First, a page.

Newspaper Archive of
Quad City Herald
Brewster, Washington
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September 10, 1981     Quad City Herald
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September 10, 1981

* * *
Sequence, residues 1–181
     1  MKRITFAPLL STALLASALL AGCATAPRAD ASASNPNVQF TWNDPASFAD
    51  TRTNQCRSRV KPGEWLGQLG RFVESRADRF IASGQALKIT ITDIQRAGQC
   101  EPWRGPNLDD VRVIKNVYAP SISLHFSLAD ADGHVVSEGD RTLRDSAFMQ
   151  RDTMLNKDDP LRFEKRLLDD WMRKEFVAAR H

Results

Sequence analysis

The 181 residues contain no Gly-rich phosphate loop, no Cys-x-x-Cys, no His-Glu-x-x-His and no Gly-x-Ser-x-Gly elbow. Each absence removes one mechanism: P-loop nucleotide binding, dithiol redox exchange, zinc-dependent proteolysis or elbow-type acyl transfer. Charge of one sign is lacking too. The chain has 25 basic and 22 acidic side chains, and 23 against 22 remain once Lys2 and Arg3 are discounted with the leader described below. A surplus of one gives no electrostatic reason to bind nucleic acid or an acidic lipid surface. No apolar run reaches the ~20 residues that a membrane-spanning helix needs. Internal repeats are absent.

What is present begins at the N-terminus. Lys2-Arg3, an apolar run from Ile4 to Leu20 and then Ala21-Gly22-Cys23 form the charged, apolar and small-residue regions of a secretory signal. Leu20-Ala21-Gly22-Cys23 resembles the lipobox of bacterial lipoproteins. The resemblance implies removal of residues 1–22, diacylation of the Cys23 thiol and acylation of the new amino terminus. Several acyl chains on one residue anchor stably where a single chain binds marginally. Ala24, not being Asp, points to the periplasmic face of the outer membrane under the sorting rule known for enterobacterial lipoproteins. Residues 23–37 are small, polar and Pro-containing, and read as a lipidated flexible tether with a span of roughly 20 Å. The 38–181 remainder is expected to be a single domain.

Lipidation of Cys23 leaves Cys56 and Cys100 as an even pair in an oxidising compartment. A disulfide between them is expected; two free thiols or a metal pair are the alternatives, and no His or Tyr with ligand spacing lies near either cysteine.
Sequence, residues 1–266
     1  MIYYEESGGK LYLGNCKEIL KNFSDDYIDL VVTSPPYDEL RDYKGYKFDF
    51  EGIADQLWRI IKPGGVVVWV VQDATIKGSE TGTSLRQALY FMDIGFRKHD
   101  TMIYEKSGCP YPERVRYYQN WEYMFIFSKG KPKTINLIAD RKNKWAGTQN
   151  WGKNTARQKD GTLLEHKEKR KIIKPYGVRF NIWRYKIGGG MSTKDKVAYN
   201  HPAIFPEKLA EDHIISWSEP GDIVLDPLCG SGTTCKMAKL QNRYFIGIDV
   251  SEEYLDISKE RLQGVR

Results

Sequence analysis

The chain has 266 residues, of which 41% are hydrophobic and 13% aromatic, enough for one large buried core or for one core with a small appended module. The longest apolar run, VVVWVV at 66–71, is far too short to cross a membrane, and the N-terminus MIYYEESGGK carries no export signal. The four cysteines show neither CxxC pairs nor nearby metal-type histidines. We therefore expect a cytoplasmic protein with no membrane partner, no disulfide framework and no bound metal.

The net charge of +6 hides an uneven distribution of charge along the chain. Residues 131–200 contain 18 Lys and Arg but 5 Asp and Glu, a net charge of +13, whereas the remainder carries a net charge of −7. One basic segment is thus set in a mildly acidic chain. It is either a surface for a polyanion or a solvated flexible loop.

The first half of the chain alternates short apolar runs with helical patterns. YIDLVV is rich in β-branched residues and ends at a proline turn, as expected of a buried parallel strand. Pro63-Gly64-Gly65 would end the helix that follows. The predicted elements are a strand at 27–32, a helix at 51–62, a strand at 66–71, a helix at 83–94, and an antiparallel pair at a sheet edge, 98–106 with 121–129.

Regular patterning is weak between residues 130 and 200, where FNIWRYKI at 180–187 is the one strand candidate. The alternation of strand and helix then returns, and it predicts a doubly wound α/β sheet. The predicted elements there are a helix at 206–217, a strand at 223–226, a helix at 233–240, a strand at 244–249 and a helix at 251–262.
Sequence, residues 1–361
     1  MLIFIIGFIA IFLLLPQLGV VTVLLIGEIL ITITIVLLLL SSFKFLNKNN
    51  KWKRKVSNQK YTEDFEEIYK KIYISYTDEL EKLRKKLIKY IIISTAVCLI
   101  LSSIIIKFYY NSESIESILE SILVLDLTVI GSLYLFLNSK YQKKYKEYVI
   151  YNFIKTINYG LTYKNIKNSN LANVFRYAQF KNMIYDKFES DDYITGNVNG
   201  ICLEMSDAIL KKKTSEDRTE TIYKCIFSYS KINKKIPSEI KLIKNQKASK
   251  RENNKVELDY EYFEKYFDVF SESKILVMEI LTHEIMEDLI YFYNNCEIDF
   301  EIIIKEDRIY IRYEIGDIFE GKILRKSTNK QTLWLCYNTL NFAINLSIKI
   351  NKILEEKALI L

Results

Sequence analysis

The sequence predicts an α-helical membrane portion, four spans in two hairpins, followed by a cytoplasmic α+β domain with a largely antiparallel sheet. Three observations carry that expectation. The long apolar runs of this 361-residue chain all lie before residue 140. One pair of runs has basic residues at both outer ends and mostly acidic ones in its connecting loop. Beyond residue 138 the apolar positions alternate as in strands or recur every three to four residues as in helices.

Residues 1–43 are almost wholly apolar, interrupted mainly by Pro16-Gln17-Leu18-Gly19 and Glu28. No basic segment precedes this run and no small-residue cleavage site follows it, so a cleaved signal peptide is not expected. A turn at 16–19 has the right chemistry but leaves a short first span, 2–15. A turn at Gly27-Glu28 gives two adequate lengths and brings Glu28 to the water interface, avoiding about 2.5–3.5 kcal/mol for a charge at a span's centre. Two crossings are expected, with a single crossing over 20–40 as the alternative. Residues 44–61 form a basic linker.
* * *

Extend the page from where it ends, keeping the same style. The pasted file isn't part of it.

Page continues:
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llllam 2 SentAmber 10. 1981 Quad City Herald Remember a couple of months ago when our monthly telephone bills arrived with the new addition of a city tax? Well old Doris got right on the line to the main business office and com- plained as our residence Is about one block out- side the city limits. I was informed their records, maps, whatever, clearly showed our residence Inside the city limits. No ma'm, I stated we are one block outside the boundary line. With words of having to check into the matter and calling back, I hung up with the smug attitude that this charge would indeed have to be removed from our billing. Several days later a very nice lady from the telephone company called stating, '7 have good news and bad news for you." The good news, by golly they discovered we really do live out- side the city limits, so no tax. The bad news, by golly by living outside the city limits we are beyond the base rate, so we will now be charged each month at the quarter of a mile rate of $1.80. This is for the private line we have had Into our home for 30 years now. Consequently old Doris learned a lesson, let sleeping dogs lie or something like that, because the city tax charge on our bill was $1.78, which we do not have to pay, now we get to pay $1.80 each month! One could say I really got my two cents worth! Labor Day weekend, the long three day vacation, was rather a bummer for our household. All three days were spent playing catch-up both here at home and at the QCH. With harvest just around the corner, the multitude of bin tickets haue been printed and delivered, a steady job for Dave for the past month. The Editor renewed his press running abilities, keeping pace with the job orders for envelopes, stationery, business cards and the many other printing orders. Harvest time is also get ready time here at home, consequently three days of labor celebration. Sunday amid the junk room clean out down. stairs I took time to deliver the boys to the golf course. Returning home I stopped at the Galbralths to purchase some garden fresh muskmelons. A two minute stop that turned in- to a two hour visit with dune and her daughter Verda, rocking away in her porch swing. June is an avid quilt maker, showing me several already completed and one stretched on the frame being quilted. She stated it takes her about one week to complete one of these beautiful quilts, which she makes mostly for family members. Suppose I could get adopted and get in line for a quilt? I thoroughly enjo;ed taking the time for a nice visit, something I hauen't done for ages and ages. I all too often forget all that work will still be here tomorrow and the next day too, but maybe some of the nice people I know won't be - or maybe I will be the one gone, and I will have missed the en. joyment of their company. It is always fun to open the mail and find little notes from people renewing their subscriptions. Yesterday was a good day. Thanx for the 'back home' news. My friends even enjoy, from Geo. Meyers. I quote from Louise Smith, "Hey Doris, you keep going up on your prices! You must be planning a trip to Reno, if so you better stop and see me. Ask dody Dundas or Mary H. or Betty Sin. See you next year." I belieue it might be interesting to ask these ladies some questions! Former Bridgeport residents write, "Continue to enjoy keeping in touch with the Quad City area uia your newspaper." dulls and I are proud parents of a 9 month old daughter Kimberly Dawn. I'm still working at Skagit Valley College, dulie will be teaching first grade this year. "Best to all of you, Bob Snyder. It is in Ioutng, not in being loved The heart finds its quest; It is in giving, not in getting Our lives are blest. ............ Babies App reclates coverage September 2 - A girl to Mr. and Mrs. on local firemen Dear Editor: Thanks for the good coverage by Jean Silvins in tribute to our community "servants," the volunteer firemen. Seems we often have similar thoughts but fail to extend verbal appreciation for such representative citizens! Jean has a special talent for pointing out dimensions in the blessings of this Quad City area. Sincerely, Fred & Ronni Schnibbe Candidate Night tainted Dear Editor: I have several comments regarding the upcoming Brewster Chamber of Commerce "Candidate Night." If they undertake the responsibility of present- ing the candidates they must also take the responsibility of assuring the event is conducted in a fair and unbiased manner. How can this be possible when the two member "Question Selection" committee (Jerry Tretwold and Marlene Carter) are my opponents campaign manager and one of his em- )loyees? Apparently the chamber is having difficulty in finding members who are unbiased and not politically motivated to serve on the "Candidate Night" event. It would also appear some mem- bers have taken advantage of the event to enhance their own candidates position at the expense of the chambers good name. The "Candidate Night" has been tar- nished by this going-on and its value is questionable. Thank You Sam Almom The Quad City Herald welcomes letters to the editor. All letters must be signed. Un- signed letters will not be published. Please include your address and telephone number for the editor's purposes. Please limit letters to 500 words. Letters will be subject to editing. Guest editorials are also welcome. Mail To: _ Quad City Herald Box 37 Brewster, We. 98812 William Anderson, Coulee Dam. WEATHER September 3 //'f 79 46 September 4 81 51 September 5 80 50 September 6 83 49 September 7 88 53 September 8 93 54 September 9 97 59 Weekly weather report through courtesy of Security Section, Chief Joseph Dam. Quad-Clty Herald Established 1901 Ike Vallance Editor & Publisher Doris Vallance Office Manager Bert Sinclair News Marlene Walstad Composing Marilyn Benge Bookkeeper David La Vallie Printer Jean Silvius News Rod Webster Advertising 1 Year Subscription Okanogan & Douglas Counties $8.00 Out of County $8.50 Out of State $9.00 Single Copy .20 Subscriptions must be paid in advance. MEMBER Brewster negotiating lIVE II1 PPqI P E R Asso.iaton. Founded lees Cont. from Page I agreed to allow on the project, citing the minutes from the August 11 meeting when Councilman Walker made a motion that $700 be approved for the project, and that motion passed. Gam- ble explained the 7,700 square feet of sod cost over $600 and that all the labor was donated, except loader time. He went on to say that the dirt removed from the ballfleld was taken to the boat ramp area thereby improving two things at one time. Councilman Walker then asked Gamble if he felt "The ex- perme to the city above and beyond the $750 was Justified." Gamble said, "Yes, because fl fixed the boat ramp area too." Watson said he feR R was impor- tant that it be brought up because the citizens were told R would be one price and may question council about the in- crease cost. In other matters, the council voted to issue a fireworks permit to the Brewster Kiwanis Club for the 1982 Fourth of July season, and okayed the use of the Bridle Club by the Chamber of Commerce for a dance September 26, as long as the music did not exceed normal limits and providing the club hires a deputy for the event. Published every week on Thursday at Brewster, Washington. Entered as second class matter at the Post Office in arewster, Okanogan County, Washington 90812. Telephone 689-2507. Second-Class postage paid at Brewster, Washington USPS 241-920. Noflm M Church ezrtalsmenW,m m rod- mission fee Is charged, cards of thanks, resolutions of condolence or notices intended to promote business of any kind must be  for II rlltes. Our schools and fire safety - - - - Front door and new fire escape exit at Pateros High School By Jean A. Sflvlus, stafflvflter When a Pateros citizen, Keith Holbrook, father of two Pateros studen- ts, stopped in the Quad City Herald of. rice to explain that the rear, second floor, fire escape of the school was hanging 10-13 fl, over the deep ex- cavation in the rear of the building and that he was having difficulty having it rectified, this writer decided to look in- to the matter. According to Holbrook, "I brought this matter to the attention of school principal, Phil Brownies, one week before school opened, while I was there to register my children." He said Brownies told him, "We'll get it fixed." Between the week prior to the begin- ning of school and September 1, Holbrook said, "The situation is still the same as It was, and we are about ready to move because of the continued frustration of trying to establish responcuuty." H01brook saYS he even called the State Fire MJu'shal/'s office and was told, "We are not responsible for schools, only motels and hotels." He said he then called the State Industrial office who responded by saying, "We are concerned with employer/em- ployee problems only." The Quad City Herald put a call in to Floyd Jackson, Superintendent of Pateros Schools, who confirmed that there was indeed a delay in solving the problem, but promised, "We will be moving the fire escape away from the construction site as soon as possible," citing the need to have the escape hung properly on the brick wall. "R must he solid," Jackson said. The supertnten- dent saw no immediate danger, saying, "This building has been here for sixty years or more." Jackson aiso said, "In an emergency we could have used men and machinery to get the kids off the fire escape if we had to." He said the fire escape would be moved away from the excavation site and placed at the south end of the building from the north end where it is now. "The escape is only 10 ft. off the ground," said Jackson. Tom Hook, Mayor of Pateros, was contacted about the matter, also. Hook said, "I was at a meeting August 26, where this was discussed among other council members and our building in. spector, Richard Miller. As a result, Miller sent a letter to the School Board expressing his concern about the situation." A call to Richard Miller resulted in his advising, "I was contacted August 19 by a citizen and I personally talked to Jackson about this matter. Jackson told me that the next Monday (August 24) the general contractor would be there and that was the first item on the agen- da for him." Miller went on, "Monday came and it was not done, so I wrote a letter to the school board, advising them this must be fixed immediately, because it was a violation of our laws. I went there on August 31, and still nothing was done about it, so Fred Frost (fire chief) and I called the state fire marshall and the superintendent of public instruction, beth of whom inform- ed us it was our responsibility," claimed Miller. Then Miller noted that the fire escape had been moved Scp tember 1, with the promise that it would be in place Scptemher 2. The new location for the fire escape was to be approximately 125 to 150 feet from the front door (the south side of the building), bolted to a window on the second floor, according to Miller. When he was asked how this would rectify the Who's responsible? situation if there was a fire in front of the building or if children had to seek escape through the rear door (which now lacked any fire escape at all), Miller said, "We are not professionals at this." Miller was also informed about a similar sRuatio, in Omak, when the new Medical Clinic was built. In this situation, the contractor had to build a ramp across the excavation to ac- comodate fire regulations. Miller said, "I haven't looked into that very much." A cldl to the Deparlment of Public In- struction rendered this information from Mr. Robert Minnitti, a member of the safety department, "We have no power to do anything about it, this is up to your local building inspector, they must not be doing their Job." Mlnnltti continued, "The building contract was approved by the International Con- ference of Building Officials in Seattle, who are the most qualified people to review such things mid the Northwest Fire Marshall's office in Wenatchee." Mlnnitti also reiterated, "The ICBO was asked to review this contract for building because the local people did not have the expertise." The only hold up was from the N.W. Fire Marshall's office who required some changes in the water flow before giving their nod, according to Minnltti. The Oanogan County Building In. speotor's office said, "We are not responsible, that is up to the city engineer, we inspect for health." A call to OSHA netted a, "We sym- pathize wholeheartedly, but by law, we are concerned with employers and em- ployees 0fly," from Carl Halgren, Act- Ing Area Director for OSHA in Washington State. He did recommend that the Washington Industrial Safety and Health Administration be contac- ted. A call was made to the secretary of the Pateros School inquiring if there had been any fire drills since school opened. Her reply was, "Not yet this year." Despite the multitude of phone calls and a few photo taking sessions, questions still remain: I. Should a school be required to have more than one exit on any one side of a school? 2. Should there not he some facility for a rear escape from a second floor? 3. Is a contractor responsible for giving his/her immediate attention to any fire escape that is left dangling as a result of an excavation? 4. What conditions are considered hazzardons enough to close a school until they are rectified? 5. Are our schools concerning them- selves on a regular basis with the safety of the children (example: fire drills). 6. Rear doors but no steps by Pateros H.S. Excavation Exactly who is responsible for enfor- cing our WAC cedes? R may be wise to inform the public what steps are taken upon discovering a potential hazzard to school students, as well as allowing the public to know exactly where to go when they bellove there is a dangerous situation. Someone must be responsiblel WII ,Count, INCLUDING YOURS 1 f V/----.I